Hands are traditional with SuperLuminova coating. And very visible, even in the dark.The movement is the house manufactured Breitling Caliber B55. Breitling labels the movement as SuperQuartz. This is a special quartz movement which is temperature compensated for the oscillation behavior of the quartz crystals. The result is a higher accuracy and Brietling specifies their SuperQuartz with an accuracy of less than 15 seconds a year. This is interesting, and perhaps point to the conservative nature of the family owned Breitling. The B55 is based on the ETA Thermoline series of movements, which specifies accuracy to 10 seconds per annum.
The movement is not visible on the B55 as it comes with a closed back.The quartz movement has functions that if it were on a mechanical movement would lay claim to a Grande Complication title. In addition to a perpetual calendar, it has a 1/100th of a second flyback chronograph, 7 daily alarms, a countdown/countup feature, two timezones plus UTC. Of course, the B55 being a quartz movement, all these functions are a few lines of code on the applets which is loaded into the watch. But what is impressive how Breitling has designed the dial and ergonomics to be able to display this huge mass of data. The ergonomics is excellent.
As the B55 carries communication capabilities, it required additional certification by the InfoComm Development Authority of Singapore for “Type Approval” for the watch to operate in Singapore. This process took about 10 months, and this is why the watch is only being introduced to the Singapore market in Feb 2016 when the watch was announced in BaselWorld 2015.
The watch charges via a small magnetically connected port (like the Apple Macbook power attachment) on the side of the case. Interestingly each charge will provide the B55 with two months of autonomy.The Breitling Exospace B55, in our view, opens the door to lead this new genre of Smart/Connected watches. This is the first we have seen and tested which is specially equipped for a specific application (in the B55, flying in the cockpit) but also one which is the first we have encountered where the communications between watch and Smartphone is two way.The watch is beautifully made, quite large at 44mm x 15.112mm, but not uncomfortably so, especially as it is constructed from a titanium case and the quartz movement is not quite as heavy as a maillechort or brass mechanical movement.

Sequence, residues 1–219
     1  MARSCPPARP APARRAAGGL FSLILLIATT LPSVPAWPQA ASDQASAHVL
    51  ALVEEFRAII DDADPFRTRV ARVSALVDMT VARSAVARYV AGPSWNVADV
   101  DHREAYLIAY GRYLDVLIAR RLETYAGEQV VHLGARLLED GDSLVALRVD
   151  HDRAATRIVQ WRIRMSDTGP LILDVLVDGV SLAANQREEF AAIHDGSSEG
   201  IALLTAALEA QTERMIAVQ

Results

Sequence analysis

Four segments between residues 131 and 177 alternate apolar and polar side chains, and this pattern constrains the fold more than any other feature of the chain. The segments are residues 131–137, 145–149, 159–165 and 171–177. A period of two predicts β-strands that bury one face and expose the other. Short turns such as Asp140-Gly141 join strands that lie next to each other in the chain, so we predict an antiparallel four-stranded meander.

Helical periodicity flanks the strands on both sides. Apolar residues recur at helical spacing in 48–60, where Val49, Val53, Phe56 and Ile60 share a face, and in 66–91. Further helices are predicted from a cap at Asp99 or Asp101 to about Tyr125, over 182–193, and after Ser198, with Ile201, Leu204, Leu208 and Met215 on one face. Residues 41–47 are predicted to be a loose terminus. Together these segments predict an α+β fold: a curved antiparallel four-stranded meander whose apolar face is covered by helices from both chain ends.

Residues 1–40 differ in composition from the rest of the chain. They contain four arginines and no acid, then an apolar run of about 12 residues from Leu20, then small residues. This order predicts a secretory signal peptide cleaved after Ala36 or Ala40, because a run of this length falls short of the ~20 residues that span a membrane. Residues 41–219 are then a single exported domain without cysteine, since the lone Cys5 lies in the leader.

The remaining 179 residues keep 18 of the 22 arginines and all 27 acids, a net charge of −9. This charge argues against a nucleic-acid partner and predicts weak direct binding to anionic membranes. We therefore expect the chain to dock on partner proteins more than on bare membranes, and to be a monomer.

The competitive landscape is quite bare. The other Smart/Connected offerings are probably a generation behind in our view. Those from technology companies, like the Apple Watch, the Huawei Watch, the Samsung Gear communicate mostly in one dimension to the Smartphone. In addition all these devices look like electronic gadgets, and toys. None feature nicely designed or finished cases or any dial to speak of (just a display screen), as a case in point.
Offerings by traditional watch companies are still in its early stages of maturity, with the leaders probably being the TAG Heuer Connected. The TAG Heuer Connected looks like a traditional wristwatch, even though it too lacks a physical dial. The dial is a display on the screen. But the fit and finish of the case and band is solid. TAG has also partnered with tech giant Google to deliver the technology. A very smart move. However, the current TAG offering is still rather limited. Other than the ability to change dials, it offer some fitness features, but are very limited in its capabilities. The watch does display of alerts from the phone, but not much else. The TAG play is on the downloadable dials, and perhaps future proofing with features/functions not yet available.
Traditional sports oriented watches like those by Polar, Suunto, Garmin are arguably more well developed and advanced. All offer the ability to attach sensors like GPS, heart rate monitors, cadence sensors, step sensors, power meters. And the ability of the watch to record the data, and then download to a smart device (though most often a computer or to a website) for storage and analysis. But none of these look like a presentable watch which can appeal to a horology enthusiast. All are made of plastic, and designed to pair with sports attire.
On the other hand, the Breitling Exospace B55 looks like a high end watch. The fit and finish of the titanium case is nice. It has a real and nicely designed and finished dial. The watch features are excellent. And when connected to a Smartphone, it works flawlessly, leveraging on the strengths of each platform. Communication between watch and phone is two way, and quite comprehensive, at least for the targeted aviation intended market.
Is there more that can be delivered by a Smart/Connected Watch? We certainly think and hope so, but for now, we think the Replica Breitling Exospace B55 is the next wave forward. What do you think?